The pool of entrants to Google’s 2012 Science Fair has been winnowed down to 90 insanely brilliant finalists from different regions around the world. Winners from each of the three age divisions will compete for the Grand Prize of a $50,000 scholarship, a personal LEGO mosaic, a trip to the Galapagos to visit Darwin’s Living Laboratory, and most likely enough worldwide notoriety that they’ll be fielding job offers from CERN, Fermilab, NASA, or just about any other high-profile science organization.
Among those 90 finalists, 13 of them have been nominated for a Scientific American Science in Action Award.
The projects that these youngsters are worthy of the most utopia-laden science fiction stories you’ve ever read. A pair of collaborating entrants, for example, Emily and Trevor Wang, are investigating whether a substance collected by bees may have anti-cancer properties.
Seriously, how does anybody even think of that?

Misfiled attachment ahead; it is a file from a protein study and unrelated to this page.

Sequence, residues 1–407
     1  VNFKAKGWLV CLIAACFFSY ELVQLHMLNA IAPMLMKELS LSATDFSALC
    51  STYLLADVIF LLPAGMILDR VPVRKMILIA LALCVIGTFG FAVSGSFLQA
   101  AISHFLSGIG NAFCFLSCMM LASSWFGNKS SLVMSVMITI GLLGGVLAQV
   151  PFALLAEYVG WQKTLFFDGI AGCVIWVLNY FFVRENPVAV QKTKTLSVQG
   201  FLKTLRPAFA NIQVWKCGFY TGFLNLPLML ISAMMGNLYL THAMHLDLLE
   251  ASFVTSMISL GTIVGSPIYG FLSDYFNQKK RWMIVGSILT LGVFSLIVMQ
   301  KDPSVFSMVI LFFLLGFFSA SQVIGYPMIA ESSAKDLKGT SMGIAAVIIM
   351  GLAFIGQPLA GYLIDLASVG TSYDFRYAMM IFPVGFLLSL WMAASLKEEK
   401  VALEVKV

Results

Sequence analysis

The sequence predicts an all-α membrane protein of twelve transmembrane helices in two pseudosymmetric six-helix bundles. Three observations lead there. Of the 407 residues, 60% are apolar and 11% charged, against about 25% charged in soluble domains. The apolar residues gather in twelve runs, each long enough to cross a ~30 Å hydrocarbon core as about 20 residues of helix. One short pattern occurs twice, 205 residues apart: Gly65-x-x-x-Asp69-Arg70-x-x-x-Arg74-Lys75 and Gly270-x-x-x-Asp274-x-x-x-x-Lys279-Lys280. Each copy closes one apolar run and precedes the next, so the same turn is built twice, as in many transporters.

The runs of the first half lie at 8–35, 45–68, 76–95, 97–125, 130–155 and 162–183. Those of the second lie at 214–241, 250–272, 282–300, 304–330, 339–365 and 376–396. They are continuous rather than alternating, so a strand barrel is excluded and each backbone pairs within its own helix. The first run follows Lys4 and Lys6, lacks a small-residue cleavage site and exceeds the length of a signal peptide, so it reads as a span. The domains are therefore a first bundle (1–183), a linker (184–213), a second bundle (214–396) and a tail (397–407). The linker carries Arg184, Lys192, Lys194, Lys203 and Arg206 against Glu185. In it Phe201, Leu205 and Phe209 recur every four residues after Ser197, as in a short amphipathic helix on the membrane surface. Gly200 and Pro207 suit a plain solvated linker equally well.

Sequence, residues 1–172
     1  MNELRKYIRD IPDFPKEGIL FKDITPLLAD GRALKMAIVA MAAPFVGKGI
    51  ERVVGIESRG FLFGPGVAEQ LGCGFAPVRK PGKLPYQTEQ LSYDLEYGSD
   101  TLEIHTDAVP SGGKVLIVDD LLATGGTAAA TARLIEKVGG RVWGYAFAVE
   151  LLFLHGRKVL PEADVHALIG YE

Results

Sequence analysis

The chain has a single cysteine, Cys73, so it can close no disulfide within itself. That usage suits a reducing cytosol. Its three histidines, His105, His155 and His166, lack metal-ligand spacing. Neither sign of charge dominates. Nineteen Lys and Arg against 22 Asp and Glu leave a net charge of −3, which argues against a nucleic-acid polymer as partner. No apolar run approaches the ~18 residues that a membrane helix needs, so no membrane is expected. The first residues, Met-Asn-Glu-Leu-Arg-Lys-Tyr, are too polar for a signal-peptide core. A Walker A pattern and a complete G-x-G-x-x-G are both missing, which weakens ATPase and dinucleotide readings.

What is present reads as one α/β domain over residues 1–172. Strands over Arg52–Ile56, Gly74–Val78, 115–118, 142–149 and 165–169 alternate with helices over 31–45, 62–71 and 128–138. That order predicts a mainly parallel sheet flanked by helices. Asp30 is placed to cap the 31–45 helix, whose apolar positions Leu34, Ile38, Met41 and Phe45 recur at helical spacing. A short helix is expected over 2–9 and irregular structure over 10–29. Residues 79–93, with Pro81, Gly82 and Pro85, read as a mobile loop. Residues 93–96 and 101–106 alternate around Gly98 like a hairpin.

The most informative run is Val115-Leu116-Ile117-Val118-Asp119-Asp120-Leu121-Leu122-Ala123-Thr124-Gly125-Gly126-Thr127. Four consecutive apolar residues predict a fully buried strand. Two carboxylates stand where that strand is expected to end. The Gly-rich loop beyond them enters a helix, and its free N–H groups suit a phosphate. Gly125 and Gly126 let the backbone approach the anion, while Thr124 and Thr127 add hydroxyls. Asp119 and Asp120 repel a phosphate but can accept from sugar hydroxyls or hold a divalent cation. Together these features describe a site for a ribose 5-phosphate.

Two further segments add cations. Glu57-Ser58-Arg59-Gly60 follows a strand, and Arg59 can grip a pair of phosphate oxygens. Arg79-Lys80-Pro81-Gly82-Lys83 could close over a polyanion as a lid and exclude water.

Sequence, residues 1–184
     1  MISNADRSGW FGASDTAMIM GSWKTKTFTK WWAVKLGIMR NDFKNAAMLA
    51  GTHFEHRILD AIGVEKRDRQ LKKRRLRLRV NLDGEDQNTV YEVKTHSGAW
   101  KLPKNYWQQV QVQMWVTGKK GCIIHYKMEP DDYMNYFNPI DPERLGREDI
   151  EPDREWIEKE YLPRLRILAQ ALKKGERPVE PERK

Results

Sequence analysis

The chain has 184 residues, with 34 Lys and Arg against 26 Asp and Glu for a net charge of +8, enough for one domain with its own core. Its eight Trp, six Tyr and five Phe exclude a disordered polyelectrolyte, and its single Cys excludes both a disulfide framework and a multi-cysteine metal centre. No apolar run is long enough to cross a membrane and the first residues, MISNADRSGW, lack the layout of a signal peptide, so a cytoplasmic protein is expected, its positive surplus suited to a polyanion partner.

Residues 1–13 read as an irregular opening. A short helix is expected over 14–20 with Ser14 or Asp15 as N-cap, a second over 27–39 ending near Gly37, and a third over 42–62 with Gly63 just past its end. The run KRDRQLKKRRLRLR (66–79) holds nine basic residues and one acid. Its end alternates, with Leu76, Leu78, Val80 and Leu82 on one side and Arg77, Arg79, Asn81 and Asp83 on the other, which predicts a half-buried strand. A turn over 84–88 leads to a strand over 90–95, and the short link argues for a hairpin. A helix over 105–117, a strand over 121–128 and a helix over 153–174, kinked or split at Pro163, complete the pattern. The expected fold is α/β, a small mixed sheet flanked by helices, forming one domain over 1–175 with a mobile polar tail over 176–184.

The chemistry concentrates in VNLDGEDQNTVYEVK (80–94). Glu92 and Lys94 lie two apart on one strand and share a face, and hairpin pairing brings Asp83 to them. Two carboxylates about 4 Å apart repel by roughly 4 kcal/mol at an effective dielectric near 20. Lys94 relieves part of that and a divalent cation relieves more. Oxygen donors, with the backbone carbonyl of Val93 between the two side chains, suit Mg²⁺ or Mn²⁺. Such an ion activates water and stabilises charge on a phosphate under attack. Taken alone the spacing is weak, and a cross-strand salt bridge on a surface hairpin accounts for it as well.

Another fantastic idea comes from Mark Liang, who’s project centers on whether sunflowers can be used to absorb and neutralize a nasty chemical that’s currently been getting dumped into the soil across California.
Here, one more in case you weren’t feeling enough inferiority about your middling lifetime accomplishments. Ivan Ang Jie Xiong explored the possibility of using robots to help keep our environment clean.
Google posted an interactive map so you can browse through all of the finalists depending on the region they’re in. Go check it out so you can start getting acquainted with your future bosses.
[Via Google’s Official Blog.]